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Yiddish Book Center

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Focus On Yiddish in American Theater and Film

May is American Jewish Heritage Month, a time to take note of Jewish contributions to American culture. And if there’s one area where Jews contributed greatly, it’s theater and film. Jewish involvement in Broadway and Hollywood is something of a stereotype, but that association didn’t come out of nowhere. Underlying and preceding Jewish participation in the entertainment industry was the Yiddish theater, with its own constellation of writers, directors, producers, and stars. Some Jewish actors got their start in Yiddish theater before eventually making the jump to the English-language stage and screen. Others foster fond memories of going to see Yiddish plays as children before eventually pursuing creative careers as adults. Here we’ll explore some of those connections, both the immediate and the indirect. For a more in-depth exploration of Yiddish theater, be sure to come see our new permanent exhibition, Yiddish: A Global Culture

אויסגעקליבן Handpicked Margaret Frothingham

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Each month, the Yiddish Book Center asks a member of our staff or a friend to select favorite stories, books, interviews, or articles from our online collections. This month, we’re excited to share with you picks by Margaret Frothingham, the Yiddish Book Center’s Translation and Education Program Manager.

“Vilde khaye!”: Maurice Sendak’s not-so-cautionary tale

A few months ago, I had the stunning realization that there does not exist (yet!) a biography of one of the greatest picturebook writers of all time, Maurice Sendak. On that same day, I stumbled across this article by Ilan Stavans, hoping there was at least something in our collection about him. His parents most definitely spoke Yiddish—vilde khaye or “wild beast,” was the root inspiration for “wild things”—and I’m so curious to learn more about how the language and culture influenced his work. Stavans’ article does a decent job of highlighting the significance of this book in broader culture and the children’s literature field. I particularly like how he connects Max’s journey to otherness “home and abroad” and the implication that we all, tall or small, have beasts inside.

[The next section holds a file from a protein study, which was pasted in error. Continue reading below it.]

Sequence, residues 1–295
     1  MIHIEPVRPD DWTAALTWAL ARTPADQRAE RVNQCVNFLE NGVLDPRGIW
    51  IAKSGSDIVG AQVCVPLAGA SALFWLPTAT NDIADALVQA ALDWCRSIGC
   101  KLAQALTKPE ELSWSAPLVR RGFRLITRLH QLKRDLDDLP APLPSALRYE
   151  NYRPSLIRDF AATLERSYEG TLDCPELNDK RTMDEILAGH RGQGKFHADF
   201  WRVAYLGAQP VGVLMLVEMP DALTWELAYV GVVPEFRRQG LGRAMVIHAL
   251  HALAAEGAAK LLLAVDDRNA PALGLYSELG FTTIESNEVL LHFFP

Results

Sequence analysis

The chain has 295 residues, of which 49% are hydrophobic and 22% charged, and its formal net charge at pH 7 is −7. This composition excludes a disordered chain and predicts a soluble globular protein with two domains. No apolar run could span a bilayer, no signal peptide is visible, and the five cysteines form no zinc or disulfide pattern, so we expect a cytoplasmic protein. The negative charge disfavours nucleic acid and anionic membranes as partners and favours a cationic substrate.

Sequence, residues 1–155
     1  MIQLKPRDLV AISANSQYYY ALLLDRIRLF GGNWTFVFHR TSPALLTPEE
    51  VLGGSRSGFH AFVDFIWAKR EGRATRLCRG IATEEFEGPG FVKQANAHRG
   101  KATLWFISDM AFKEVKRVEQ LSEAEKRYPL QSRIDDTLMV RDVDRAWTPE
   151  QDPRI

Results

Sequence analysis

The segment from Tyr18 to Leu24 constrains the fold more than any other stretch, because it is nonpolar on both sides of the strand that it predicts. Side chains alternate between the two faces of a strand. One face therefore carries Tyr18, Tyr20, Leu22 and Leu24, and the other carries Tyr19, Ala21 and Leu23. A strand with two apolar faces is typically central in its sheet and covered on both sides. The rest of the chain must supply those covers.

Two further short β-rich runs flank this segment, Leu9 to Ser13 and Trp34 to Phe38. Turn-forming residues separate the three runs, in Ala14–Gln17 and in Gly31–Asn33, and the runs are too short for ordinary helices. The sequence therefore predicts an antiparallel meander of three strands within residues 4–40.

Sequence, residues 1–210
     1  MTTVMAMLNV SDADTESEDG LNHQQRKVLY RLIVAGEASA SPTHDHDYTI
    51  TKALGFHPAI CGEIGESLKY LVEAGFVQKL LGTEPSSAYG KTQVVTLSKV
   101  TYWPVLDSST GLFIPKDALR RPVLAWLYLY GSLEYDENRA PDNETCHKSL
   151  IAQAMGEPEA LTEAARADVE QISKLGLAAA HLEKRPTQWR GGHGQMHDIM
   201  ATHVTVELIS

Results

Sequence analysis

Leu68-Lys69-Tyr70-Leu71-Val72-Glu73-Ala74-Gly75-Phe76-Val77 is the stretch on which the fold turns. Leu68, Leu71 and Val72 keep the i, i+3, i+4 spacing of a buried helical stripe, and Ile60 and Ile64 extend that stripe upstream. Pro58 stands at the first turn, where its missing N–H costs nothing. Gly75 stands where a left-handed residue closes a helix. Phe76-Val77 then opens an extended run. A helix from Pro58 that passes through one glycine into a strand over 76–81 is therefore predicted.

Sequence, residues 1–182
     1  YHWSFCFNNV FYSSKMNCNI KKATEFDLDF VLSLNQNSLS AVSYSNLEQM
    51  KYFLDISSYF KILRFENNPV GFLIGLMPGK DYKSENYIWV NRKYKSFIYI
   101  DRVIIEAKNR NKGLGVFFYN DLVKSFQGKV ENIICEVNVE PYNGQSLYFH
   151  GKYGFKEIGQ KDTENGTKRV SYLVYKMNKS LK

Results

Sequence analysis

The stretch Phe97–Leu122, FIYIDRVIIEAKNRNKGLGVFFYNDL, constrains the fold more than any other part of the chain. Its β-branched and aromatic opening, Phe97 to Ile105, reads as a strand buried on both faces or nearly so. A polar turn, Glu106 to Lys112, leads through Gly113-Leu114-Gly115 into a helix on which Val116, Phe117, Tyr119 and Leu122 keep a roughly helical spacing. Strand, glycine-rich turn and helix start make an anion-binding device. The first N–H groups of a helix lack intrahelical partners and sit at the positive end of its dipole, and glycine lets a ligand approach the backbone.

A Gift for Jewish Children

I really enjoyed this recent “From the Vault” article by Caleb Sher about the life and work of Moyshe Levin, pen named Ber Sarin. The piece, which centers on Levin’s children’s stories, opens like any good children’s book: “I’m going to tell you a story.” Levin’s life story, while tragic, provides insight into how children’s authors navigate social and political upheaval throughout history. I appreciate how Levin, unlike his peers, was determined to publish children’s literature, even if it meant remaining “apolitical.” Perhaps Levin saw the power of kid lit to influence young minds (after all, children’s literature is one of the most common conduits for propaganda). I’d argue there’s no truly apolitical kid’s book and that publishing children’s books that “inspire a love of Yiddish” was radical in itself. Levin’s stories sound so playful and clever—I only wish I could read them!

Yiddish Illustrations: “From Chagall to Diego Rivera”

All of the illustrations highlighted in David Mazower’s “Personal Top Ten” are beautiful, but my favorite is number 6, Majn Alef Bejs. Ula Palusinska’s bold and inventive illustrations jump off the page and wonderfully depict the equally charming poems about the alef beys by Yiddish writer Yeshoshue Kaminski. Abecedarians, a fancy term for picturebooks that teach the alphabet, are best when words and images work together to communicate concepts. I can personally attest to this, having recently learned the Yiddish alphabet myself. Majn Alef Bejs features bilingual Yiddish and Polish text and, given that it was published in 2012, is a beautiful example of contemporary illustration.

A Room Named Ruth

I found this Pakn Treger article a few years ago after reading Sarah Biskowitz’s thoughtful writeup about Family Snapshots of Yiddish in Cuba. When I saw Ruth Behar’s name pop up in the suggested content, I knew I had to check it out. During the pandemic, when I worked in the Center’s onsite museum store, I read Lucky Broken Girl, a beautiful children’s book by Ruth Behar about a Cuban-Jewish immigrant who learns about her own identity and heritage while convalescing after a horrible accident. Behar’s writing is rich and deeply personal. As a reader it’s easy to feel her sense of longing and her struggle to define home. “A Room Named Ruth” helped me understand more about the history of Jews in Cuba and the complex nature of multicultural identity.

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